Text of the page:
Games with a choice of actions allow players to “create” a plot. The choice made at a certain moment depends on how the game and the story will develop in the future. Therefore, story-driven games with non-linear plots are getting much and much more popular among gamers. Let’s take a look at one of the most important and characteristic features of such games. Who knows, maybe it is time to install one of them and enjoy it? Such games can be interesting even for people who prefer gambling on PlayAmo and in land-based casinos: sometimes the right action is a stroke of pure luck! However, you can always make other choices – after you have once completed the game.
Gamers appreciate games with a non-linear plot for the ability to make a choice and see its consequences. If in a linear game the transition to the next level depends on a certain sequence of actions, then games with the choice of plot development allow the player to feel like a co-author of the plot. In choice-driven games, Quick Time Events are a certain sequence of keys or mouse buttons that must be pressed to perform the planned action.
“Quick-Time-Event” means as much as “fast time event” and denotes a kind of mixture of an intermediate sequence and interactive game scene. This means that quick-time events usually seem similar to a movie scene, as they often represent a dramatic or intense moment. In order to keep this staging as close as possible to the process as game designers have designed it, the controllability by the player is greatly restricted. Often this means that players only have to press a certain button at a certain time. Players often do not know which button to press beforehand, so quick reactions are required. Very often, several quick-time events (also in rapid sequence) are lined up with different buttons. And this action will be displayed on the screen. So, in the choice-driven video game “The Quarry” QTE, for example, is often used in pursuits or fights.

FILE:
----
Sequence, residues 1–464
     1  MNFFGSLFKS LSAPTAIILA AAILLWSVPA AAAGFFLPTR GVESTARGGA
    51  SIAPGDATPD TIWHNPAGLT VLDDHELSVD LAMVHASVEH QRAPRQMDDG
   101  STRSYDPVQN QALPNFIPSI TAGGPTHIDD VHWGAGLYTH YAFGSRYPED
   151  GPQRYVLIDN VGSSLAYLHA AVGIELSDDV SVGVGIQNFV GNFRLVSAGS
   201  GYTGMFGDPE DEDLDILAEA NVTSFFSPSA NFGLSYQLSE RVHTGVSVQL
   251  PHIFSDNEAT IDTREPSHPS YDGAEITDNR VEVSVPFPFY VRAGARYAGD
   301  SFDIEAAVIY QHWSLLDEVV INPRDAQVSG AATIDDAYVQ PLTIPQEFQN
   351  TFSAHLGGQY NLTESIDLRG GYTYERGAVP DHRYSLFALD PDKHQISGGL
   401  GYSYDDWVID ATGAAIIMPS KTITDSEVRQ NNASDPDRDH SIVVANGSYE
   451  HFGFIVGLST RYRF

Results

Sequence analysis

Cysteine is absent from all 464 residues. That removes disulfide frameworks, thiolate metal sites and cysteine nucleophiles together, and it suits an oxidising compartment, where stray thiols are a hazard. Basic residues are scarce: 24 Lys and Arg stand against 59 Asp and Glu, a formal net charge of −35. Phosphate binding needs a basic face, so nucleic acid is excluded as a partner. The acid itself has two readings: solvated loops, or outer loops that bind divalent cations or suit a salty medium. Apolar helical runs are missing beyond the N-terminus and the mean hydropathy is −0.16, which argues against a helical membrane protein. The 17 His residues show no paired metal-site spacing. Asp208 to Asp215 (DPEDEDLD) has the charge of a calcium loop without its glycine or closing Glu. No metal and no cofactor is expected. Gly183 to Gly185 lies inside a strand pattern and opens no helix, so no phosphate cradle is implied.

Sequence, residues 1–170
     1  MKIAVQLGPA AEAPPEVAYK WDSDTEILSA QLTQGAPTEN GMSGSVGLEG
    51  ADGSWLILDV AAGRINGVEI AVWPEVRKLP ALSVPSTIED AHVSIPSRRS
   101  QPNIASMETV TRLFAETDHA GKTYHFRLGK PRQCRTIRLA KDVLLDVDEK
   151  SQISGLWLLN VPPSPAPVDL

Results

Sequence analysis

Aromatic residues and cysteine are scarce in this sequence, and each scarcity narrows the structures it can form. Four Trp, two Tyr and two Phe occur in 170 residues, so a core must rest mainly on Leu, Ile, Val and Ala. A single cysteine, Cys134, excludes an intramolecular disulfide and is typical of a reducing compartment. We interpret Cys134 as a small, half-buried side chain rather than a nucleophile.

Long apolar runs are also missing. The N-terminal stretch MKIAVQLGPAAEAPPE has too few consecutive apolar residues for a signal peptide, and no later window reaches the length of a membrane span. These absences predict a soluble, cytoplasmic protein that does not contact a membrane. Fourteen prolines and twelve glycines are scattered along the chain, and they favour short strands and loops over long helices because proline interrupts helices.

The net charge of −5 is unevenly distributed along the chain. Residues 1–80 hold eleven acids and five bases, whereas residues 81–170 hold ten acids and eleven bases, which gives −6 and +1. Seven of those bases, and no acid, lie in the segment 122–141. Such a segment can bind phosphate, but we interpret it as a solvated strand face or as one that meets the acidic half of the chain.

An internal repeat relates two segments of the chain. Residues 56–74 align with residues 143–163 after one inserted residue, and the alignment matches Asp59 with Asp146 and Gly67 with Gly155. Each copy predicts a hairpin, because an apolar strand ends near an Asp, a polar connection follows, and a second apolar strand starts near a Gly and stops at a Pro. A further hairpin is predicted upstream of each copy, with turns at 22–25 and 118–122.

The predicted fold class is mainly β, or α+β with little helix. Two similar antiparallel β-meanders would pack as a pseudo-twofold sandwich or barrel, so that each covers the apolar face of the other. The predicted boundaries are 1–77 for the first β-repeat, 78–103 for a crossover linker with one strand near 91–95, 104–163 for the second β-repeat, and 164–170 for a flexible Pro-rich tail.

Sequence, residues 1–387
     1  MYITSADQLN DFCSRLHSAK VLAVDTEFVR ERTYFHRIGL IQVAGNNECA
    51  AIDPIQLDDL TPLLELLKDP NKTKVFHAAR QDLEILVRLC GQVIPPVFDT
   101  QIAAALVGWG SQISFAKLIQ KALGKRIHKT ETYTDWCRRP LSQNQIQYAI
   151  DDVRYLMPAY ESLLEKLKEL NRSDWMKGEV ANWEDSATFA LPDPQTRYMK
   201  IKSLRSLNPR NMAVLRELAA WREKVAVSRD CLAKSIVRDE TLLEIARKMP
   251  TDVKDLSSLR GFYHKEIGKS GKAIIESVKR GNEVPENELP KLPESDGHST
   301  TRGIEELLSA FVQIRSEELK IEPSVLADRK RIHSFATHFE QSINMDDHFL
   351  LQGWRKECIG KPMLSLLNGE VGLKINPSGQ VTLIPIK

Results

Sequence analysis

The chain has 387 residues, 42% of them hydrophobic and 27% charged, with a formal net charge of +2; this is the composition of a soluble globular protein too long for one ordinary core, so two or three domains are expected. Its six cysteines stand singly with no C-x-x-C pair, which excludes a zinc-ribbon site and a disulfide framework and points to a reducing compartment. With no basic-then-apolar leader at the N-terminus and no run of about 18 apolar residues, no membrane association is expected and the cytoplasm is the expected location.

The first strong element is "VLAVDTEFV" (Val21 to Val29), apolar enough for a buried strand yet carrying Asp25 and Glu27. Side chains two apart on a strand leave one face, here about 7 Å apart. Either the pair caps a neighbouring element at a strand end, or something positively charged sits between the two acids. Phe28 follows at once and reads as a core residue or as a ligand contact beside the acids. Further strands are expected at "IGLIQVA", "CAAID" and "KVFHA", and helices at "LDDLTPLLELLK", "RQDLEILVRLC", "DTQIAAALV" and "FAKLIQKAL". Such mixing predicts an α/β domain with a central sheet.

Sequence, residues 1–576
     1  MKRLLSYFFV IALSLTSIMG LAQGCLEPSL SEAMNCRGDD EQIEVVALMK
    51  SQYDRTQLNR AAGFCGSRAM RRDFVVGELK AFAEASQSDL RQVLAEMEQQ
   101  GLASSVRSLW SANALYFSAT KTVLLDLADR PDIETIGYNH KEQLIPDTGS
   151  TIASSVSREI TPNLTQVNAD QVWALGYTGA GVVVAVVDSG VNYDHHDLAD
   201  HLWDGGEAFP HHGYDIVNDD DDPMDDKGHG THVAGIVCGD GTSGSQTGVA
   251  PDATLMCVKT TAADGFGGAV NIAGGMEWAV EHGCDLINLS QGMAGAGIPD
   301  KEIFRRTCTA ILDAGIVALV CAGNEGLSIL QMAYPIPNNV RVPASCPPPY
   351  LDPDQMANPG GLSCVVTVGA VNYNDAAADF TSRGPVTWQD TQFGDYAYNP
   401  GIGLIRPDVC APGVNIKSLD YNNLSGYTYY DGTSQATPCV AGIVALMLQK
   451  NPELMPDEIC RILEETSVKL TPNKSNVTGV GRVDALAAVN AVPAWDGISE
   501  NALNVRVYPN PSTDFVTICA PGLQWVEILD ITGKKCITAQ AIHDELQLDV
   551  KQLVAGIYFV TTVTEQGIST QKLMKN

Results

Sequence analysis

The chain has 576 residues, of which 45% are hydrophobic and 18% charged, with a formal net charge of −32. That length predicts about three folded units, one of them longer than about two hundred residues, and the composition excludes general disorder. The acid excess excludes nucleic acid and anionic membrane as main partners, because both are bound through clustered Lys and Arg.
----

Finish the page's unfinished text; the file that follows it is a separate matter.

QTEs are actually not as complicated as they initially seem. In some choice-driven games, the player is being prepared for Quick Time Events. When simple QTE is enabled, you can simply press any key when the game prompts you to move the analogue stick. To keep the player on their toes, QTEs ask for any key at any time. Even if you have time to prepare for the QTE, it can still be stressful to wait for the instruction. By enabling simple QTEs, the player can press any key to make the QTE successful.
And the purpose of a Quick Time event, as we have already mentioned, is to respond to them quickly. Many people prefer not to engage with film scenes to pay their full attention and wait for opportunities to interact. This is used to slow down or speed up the QTEs.
But why are the QTE Events so great? Accordingly, quick-time events like other elements of the game design can be used with greatly different effects. In less complex cases, players cannot achieve much more than pressing a button to advance what is happening. Often players can also “fail” if they do not make the input at the right time or not quickly enough, which can lead to the game being over. In more interesting variations, players can choose between different action options (but nothing to do can count as an action option as well). There’s nothing more interesting than influencing a whole story and a character’s life with just one click, isn’t it?